A core problem, as is the case with many other SoEs, is that government has never really got to grips with what it wanted from Eskom: Cheap electricity sold at below the long-term cost of providing it? An opportunity to pay generous salaries to swathes of faithful cadres? The jump start for black industrialists in the coal-mining sector? Drive industrialisation and claim some sort of hegemonic control over a key sector of the economy? Eskom’s management has run rings around its shareholders and has done so for the longest time.
Along the way, Eskom’s management has “taken the ball” and run with it. Understanding their shareholder, they have sought to run Eskom in an extremely opaque fashion knowing that there is little accountability. We see the results: extremely poor investments, the development of a needlessly high cost base, declining technical, environmental and financial performance and latterly before some course correction under Ramaphosa, widespread corruption.
…using a fresh pair of eyes, it is possible to imagine Eskom, or rather the South African electricity supply sector as a worthy long-term investment.
Eskom’s shareholder, as we see with the ongoing SAA debacle, takes an extraordinarily long time to process itself through all five stages of grief, but almost everyone knows that the Eskom story has run its course. It is over. Almost everyone? Well, Gwede Mantashe, the minister responsible for Mineral Resources and Energy and the chairperson of the governing party, and (separately) the RET (for the worse) crowd seem stuck somewhere between anger and bargaining.
The steps to structure an Eskom 2.0, which starts with unbundling its operating units generation, transmission and distribution, are behind schedule but there is some sort of progress. Formal separation into different legal entities is bedevilled by Eskom’s debt pile and Eskom’s multiple existing operational difficulties. Debtholders need to be assured that their security is not prejudiced – underlying again the fact that Eskom through its debt is already partially privatised in that its creditors have an effective veto.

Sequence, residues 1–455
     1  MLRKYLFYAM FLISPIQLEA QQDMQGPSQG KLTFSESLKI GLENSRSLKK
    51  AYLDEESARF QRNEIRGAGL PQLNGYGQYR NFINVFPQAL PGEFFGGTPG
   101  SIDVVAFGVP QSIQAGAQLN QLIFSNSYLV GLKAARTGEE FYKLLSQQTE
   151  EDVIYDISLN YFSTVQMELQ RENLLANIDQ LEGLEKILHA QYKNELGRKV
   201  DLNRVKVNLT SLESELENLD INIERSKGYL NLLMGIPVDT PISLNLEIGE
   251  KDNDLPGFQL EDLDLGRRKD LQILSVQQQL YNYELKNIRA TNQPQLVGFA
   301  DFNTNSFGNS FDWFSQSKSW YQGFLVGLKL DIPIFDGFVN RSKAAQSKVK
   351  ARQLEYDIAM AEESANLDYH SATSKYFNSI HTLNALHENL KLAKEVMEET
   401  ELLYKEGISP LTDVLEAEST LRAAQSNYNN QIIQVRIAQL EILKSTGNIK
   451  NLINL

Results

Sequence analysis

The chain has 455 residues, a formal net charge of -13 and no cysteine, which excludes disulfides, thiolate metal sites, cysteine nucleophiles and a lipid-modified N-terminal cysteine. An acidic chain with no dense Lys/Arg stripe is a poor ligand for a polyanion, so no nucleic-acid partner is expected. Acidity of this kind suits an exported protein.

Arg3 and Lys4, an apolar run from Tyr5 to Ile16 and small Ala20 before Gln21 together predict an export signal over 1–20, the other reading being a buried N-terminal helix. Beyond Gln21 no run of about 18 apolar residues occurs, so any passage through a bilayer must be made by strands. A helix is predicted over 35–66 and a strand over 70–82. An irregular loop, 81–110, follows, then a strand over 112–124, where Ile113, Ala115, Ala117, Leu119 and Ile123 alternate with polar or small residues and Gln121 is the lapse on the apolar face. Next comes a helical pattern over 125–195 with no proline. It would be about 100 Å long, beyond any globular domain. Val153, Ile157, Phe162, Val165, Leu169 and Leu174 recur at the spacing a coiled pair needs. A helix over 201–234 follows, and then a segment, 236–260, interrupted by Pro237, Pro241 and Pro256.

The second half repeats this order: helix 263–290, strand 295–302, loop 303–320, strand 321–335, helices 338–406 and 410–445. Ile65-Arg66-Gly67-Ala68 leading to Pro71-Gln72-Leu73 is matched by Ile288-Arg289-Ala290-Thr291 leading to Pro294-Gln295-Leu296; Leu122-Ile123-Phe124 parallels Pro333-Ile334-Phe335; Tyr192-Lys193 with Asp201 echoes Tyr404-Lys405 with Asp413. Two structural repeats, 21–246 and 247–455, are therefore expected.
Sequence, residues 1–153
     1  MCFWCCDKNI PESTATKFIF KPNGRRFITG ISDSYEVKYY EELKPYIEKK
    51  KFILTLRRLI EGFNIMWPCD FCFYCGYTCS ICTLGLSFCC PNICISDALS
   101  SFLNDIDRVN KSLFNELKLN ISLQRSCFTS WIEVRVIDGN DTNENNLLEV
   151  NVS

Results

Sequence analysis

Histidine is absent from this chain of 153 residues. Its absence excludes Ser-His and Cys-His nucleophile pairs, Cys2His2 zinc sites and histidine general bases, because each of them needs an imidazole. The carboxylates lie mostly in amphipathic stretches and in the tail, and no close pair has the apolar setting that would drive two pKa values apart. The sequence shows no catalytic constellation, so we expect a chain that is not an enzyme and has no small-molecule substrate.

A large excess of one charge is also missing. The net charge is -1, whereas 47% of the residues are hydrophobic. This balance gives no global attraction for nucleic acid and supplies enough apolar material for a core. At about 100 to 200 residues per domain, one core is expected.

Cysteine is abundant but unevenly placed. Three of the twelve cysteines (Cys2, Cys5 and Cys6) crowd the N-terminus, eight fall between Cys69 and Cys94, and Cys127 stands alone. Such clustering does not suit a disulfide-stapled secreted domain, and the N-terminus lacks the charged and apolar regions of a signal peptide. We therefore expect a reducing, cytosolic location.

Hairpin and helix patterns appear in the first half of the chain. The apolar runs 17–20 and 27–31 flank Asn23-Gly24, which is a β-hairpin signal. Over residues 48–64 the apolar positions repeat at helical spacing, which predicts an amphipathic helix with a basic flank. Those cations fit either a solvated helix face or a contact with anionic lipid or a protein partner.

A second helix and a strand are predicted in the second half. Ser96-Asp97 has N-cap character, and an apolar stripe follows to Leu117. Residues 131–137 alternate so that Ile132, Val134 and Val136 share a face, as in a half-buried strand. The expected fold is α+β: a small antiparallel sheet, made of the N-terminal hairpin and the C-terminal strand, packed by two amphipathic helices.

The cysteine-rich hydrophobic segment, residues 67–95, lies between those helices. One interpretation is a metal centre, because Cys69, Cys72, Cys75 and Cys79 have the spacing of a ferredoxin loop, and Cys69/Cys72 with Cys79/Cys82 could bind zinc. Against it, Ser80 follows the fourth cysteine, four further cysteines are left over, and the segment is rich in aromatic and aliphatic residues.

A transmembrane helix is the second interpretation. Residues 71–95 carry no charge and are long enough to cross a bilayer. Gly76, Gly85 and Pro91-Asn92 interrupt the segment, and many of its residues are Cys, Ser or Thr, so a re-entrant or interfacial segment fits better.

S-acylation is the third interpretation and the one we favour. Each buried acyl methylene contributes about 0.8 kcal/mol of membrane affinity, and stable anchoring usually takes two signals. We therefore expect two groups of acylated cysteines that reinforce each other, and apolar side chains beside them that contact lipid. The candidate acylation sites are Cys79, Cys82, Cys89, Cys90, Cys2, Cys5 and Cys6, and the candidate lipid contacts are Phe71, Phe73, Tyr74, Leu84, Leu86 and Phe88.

And yet, despite everything, using a fresh pair of eyes, it is possible to imagine Eskom, or rather the South African electricity supply sector as a worthy long-term investment. Some of its assets, especially the transmission grid, the pumped storage facilities, and even some of its generators are worthwhile. It has a valuable customer base, most of whom don’t really want to get into investing in self-provisioned electricity infrastructure themselves. Eskom still has some of the best engineers and systems people in the country in its employ. There is a kernel of something we could rebuild.
There is a conceivable Investment Memorandum at some point in the future to be sent to the PIC on the following terms.
Of course, nobody who counts is even thinking of having a discussion on these terms, but these are strange and unprecedented times. The consensus view of the Supplementary Budget speech last week is that having failed to deliver on any previous undertakings to rein in debt and spending, the government now lacks any credibility. The SoEs remain a risk to the sovereign as they have been for so long already.
Finance Minister Tito Mboweni is now probably working with his team at National Treasury in preparing the Medium-Term Budget Policy Statement to be delivered at the end of October. It’s going to be grim. We know that already. It must be hard to put in all the work when nobody will believe what you say.
A proper plan for Eskom, maybe even on the above lines, would do a lot to turn things around. At this point, what do we have to lose? Surely it’s worth thinking about at least? BM/DM
Kalsarikännit is a Finnish word that translates to getting drunk at home alone. In your underpants.
Daily Maverick © All rights reserved